The Social Democrat government has been on balance successful, says the correspondent of French paper Le Monde Fabrice Martin-Plichta in his contribution `Direction Klausoland'. It has renewed economic growth, improved the image of the CR in the eyes of foreign investors, and cleansed the banking sector. It is difficult, he says, to take seriously the criticisms of those who rejoice that "the socialist experiment" is coming to an end, when it was those criticizing (the ODS) who placed the CSSD in power. Around a quarter of the population -- those who apparently do not regard it as a contradiction to rage against socialism and subsequently enable the socialists to rule - has succumbed to a kind of schizophrenia, he argues, attributing this to the Czech habit of dividing their lives into private and public spheres over 40 years of communist rule.
The government's biggest weakness is its failure to persuade Czechs of the merits of joining the EU, he opines, noting that research shows only around 50% in favour of joining. Czechs punish themselves by their lack of enthusiasm for the EU. They were in a position to profit from joining and Plichta argues that though the EU is not perfect, it can only be improved from the inside and by a constructive approach. The ODS's "euro-realism" invents problems where none exist, says Plichta, who implicitly compares Vaclav Klaus's stance on the EU to those of Jorg Haider and Jean Marie Le Pen. On the level of political marketing the other parties have much to learn from the ODS, which by presenting its program gradually has ensured thorough media coverage of its campaign. Why should anyone talk about people who simply repeat vacuous slogans such as "We are on the same side as you" and "We will sort things out", asks Plichta.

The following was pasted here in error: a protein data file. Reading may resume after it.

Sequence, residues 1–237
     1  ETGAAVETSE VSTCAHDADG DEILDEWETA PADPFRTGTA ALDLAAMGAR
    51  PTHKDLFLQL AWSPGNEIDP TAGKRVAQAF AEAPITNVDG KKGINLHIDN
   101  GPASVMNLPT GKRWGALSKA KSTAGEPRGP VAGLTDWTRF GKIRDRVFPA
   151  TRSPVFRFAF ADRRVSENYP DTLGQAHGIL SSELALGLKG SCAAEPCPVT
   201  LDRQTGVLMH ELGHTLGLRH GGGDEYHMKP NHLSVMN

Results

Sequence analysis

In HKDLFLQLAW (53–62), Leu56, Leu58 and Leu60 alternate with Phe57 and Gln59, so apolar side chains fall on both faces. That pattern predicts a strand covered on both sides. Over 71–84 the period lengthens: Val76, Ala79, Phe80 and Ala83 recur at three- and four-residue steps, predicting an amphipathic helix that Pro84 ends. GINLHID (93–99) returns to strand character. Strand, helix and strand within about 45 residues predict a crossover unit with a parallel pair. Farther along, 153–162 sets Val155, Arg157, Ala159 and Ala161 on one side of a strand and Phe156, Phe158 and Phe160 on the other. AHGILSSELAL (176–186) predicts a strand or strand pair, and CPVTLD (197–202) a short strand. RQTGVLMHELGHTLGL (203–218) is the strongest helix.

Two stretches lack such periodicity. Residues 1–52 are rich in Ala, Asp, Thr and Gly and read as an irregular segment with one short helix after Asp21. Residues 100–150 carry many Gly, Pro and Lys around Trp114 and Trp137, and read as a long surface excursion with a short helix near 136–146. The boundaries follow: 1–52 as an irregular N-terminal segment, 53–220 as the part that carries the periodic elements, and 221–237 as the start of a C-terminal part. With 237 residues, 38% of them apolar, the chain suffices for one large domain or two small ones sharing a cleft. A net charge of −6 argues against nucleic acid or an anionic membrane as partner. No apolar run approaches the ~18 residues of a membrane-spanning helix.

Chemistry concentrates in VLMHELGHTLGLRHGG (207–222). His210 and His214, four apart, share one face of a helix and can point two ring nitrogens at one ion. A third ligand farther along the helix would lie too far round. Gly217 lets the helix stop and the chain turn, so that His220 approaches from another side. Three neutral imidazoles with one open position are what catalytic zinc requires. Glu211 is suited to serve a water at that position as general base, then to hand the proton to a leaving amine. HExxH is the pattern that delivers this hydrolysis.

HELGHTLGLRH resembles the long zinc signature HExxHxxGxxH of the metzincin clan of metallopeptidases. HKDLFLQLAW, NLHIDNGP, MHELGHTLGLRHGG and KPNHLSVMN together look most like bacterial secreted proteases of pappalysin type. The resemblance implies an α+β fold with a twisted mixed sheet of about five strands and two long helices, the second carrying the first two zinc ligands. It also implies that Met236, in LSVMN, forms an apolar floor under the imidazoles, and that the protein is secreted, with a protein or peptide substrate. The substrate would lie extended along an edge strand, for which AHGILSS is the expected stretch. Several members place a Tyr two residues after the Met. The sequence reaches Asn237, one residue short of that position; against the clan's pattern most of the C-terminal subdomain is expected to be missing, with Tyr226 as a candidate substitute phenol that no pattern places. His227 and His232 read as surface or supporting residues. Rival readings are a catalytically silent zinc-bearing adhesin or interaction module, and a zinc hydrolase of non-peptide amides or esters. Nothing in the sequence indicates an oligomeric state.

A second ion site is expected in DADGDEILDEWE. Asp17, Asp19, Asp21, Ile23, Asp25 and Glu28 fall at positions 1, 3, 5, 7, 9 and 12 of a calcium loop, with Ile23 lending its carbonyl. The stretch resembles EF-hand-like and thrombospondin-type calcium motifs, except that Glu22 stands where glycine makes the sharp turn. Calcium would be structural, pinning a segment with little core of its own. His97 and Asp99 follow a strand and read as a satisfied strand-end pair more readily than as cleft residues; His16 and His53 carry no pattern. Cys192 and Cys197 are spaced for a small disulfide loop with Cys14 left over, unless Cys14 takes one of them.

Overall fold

In Plichta's opinion, the turnout at the coming elections will show how much the current generation of politicians has succeeded in disillusioning Czechs with politics, while the level of support for the Communists and for the ODS will show how many want a regime with a rule by a firm hand and a closed society.
No one can deny that the Social Democrat government has been successful in leading the CR out of the economic crisis it was in four years ago, opines Barbora Sierszula-Pilousova, the correspondent of Polish Rzeczpospolita. It has renewed economic growth and attracted foreign investment, thus keeping unemployment at a far lower level than in Poland. The economic upturn is reflected in the living standard and mood of society. This can be seen and felt, she says. Czechs are willing to spend and do not fear going into debt. The "opposition pact" with the ODS enabled the CSSD to concentrate on government and has brought the average Czech on the whole a contented life. Government has not been afflicted by the tension and quarrelling that was the blight of previous coalition governments. However, the negative side of the pact is that it has put a brake on the development of democracy. The absence of the real control of power, in which the government feels that it can be dismissed at any moment, leads to moral and material corruption. The feeling that the ODS and the CSSD have carved up power for themselves is in contradiction of the Kantian ideal of justice and the situation must have been painful for those people who wish to live their lives consciously and responsibly, argues Pilousova.
The government has successfully negotiated with the EU and brought the CR to the verge of admission. However, it has still not convinced the majority of its citizens of the desirability of this step. This should be a priority for the new government, she argues. However, the ODS's decision to base its campaign on the defence of "national interests" and criticism of the EU is populist and has moved the party dangerously in the direction of Haider and Le Pen, she says.
Pilousova is pleased that the CSSD has placed greater emphasis on the co-operation of the Visegrad states (Poland, CR, Slovakia, Hungary). Relations with Poland are excellent both on the official and unofficial levels. However, relations with Austria and Germany are not so good. Pilousova, commenting that she will occur the wrath of many readers, writes that the government has not dealt well with the question of the "Benes decrees". Czech politicians are stuck in the same view towards Sudeten Germans as during the Communist era and none of them have the courage to step out of line. The aversion to dialogue with Sudeten Germans, and the attacks on the Bishop of Olomouc, who attended and conducted mass at a meeting of Sudeten Germans in Nuremburg, are evidence that the Czech way of thinking is far from that of modern Europe, opines Pilousova.
Ian Finlay Stone